What John Lange, Jeffery Hudson and Michael Douglas have in common? Nothing much, except that all these names were used by Michael Crichton as his pseudonyms. Michael Crichton, frequently cited as the “father of the techno-thriller”, was a multi-talented person. He was an accomplished author, director, screenwriter, doctor, and producer. Born on October 23, 1942, in Chicago, Illinois, Crichton showed his flair for writing since an early age. He started his studies in Harvard College in 1960 and was an exceptionally bright student. Later he enrolled himself in Harvard Medical School, and started to publish his works during the period he studied there to become a doctor. He eventually got his MD from Harvard Medical School in 1969 but never became a licensed practitioner. By the time he graduated, he already had nearly a dozen thrillers published, though most of his early works were published under his pen names. Hence his decision to embark on a writing career makes sense totally and he further went to justify his career switch as he became the bestseller storyteller for the next three decades. During the pre-Rowling age, more specifically in the late ’90s, his annual earnings were estimated by Forbes at more than $20 million. In 1994, he became the only author in the history to simultaneously top the charts in television, film and book sales with ER, Jurassic Park and Disclosure respectively. Indeed, the film adaptation of Jurassic Park had such phenomenal success that Michael Crichton became globally celebrated author during the ’90s.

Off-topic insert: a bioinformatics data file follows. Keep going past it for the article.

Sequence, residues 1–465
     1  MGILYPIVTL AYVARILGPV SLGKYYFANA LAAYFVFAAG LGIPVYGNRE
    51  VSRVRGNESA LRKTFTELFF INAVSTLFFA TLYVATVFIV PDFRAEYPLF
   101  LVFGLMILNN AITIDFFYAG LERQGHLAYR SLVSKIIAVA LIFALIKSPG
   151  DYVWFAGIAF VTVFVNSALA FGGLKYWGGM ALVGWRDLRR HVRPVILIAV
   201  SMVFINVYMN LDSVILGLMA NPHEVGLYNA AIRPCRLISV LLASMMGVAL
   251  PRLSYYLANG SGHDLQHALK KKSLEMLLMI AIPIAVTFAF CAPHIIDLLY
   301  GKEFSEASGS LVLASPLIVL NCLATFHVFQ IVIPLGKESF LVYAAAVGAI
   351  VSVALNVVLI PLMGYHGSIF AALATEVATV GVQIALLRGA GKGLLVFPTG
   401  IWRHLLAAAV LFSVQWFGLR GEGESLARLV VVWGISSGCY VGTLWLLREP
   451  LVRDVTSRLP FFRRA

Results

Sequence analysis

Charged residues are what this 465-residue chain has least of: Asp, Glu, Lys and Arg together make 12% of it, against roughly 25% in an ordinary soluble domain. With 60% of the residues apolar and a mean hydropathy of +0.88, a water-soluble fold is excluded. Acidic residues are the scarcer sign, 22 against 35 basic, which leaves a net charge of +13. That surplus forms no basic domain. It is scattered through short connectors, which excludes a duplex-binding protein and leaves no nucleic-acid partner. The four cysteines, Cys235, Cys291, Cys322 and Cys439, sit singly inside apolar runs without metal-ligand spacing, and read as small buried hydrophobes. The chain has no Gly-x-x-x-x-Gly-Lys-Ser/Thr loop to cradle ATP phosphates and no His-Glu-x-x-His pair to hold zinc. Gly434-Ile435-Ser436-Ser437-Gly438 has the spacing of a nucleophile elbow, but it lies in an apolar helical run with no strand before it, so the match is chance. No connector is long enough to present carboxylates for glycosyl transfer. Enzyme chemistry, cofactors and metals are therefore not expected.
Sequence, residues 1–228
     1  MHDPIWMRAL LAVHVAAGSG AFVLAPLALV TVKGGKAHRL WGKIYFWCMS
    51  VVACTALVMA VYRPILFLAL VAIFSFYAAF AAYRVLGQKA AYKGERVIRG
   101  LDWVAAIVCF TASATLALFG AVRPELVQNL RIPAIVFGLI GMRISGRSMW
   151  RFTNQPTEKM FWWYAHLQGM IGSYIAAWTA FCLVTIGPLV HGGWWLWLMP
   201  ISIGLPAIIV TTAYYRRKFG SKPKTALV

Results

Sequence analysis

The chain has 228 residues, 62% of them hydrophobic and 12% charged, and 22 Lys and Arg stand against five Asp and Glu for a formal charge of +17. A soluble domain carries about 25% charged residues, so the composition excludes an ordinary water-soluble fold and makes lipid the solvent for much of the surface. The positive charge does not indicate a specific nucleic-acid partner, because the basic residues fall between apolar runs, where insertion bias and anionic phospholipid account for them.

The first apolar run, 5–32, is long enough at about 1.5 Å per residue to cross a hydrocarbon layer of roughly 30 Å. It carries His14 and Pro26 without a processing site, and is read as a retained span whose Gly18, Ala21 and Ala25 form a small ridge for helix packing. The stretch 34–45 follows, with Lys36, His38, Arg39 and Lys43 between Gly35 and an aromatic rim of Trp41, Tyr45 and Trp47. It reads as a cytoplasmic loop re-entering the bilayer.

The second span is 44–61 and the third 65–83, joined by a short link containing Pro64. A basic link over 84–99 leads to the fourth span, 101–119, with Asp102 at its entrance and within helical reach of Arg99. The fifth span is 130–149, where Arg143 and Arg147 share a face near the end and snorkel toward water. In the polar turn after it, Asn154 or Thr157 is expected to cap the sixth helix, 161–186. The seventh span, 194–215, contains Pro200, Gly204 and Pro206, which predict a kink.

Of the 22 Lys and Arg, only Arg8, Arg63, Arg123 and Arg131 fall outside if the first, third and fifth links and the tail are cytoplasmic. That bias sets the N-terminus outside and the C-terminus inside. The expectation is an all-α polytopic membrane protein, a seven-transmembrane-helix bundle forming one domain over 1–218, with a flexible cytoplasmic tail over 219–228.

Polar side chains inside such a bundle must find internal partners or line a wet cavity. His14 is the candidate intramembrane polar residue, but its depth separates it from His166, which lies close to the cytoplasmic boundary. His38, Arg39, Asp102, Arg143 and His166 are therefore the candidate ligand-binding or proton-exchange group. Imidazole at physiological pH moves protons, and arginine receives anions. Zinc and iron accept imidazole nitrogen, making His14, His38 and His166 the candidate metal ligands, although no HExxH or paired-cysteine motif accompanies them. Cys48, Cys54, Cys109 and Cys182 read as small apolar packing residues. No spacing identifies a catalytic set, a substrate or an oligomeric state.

The Making of an Author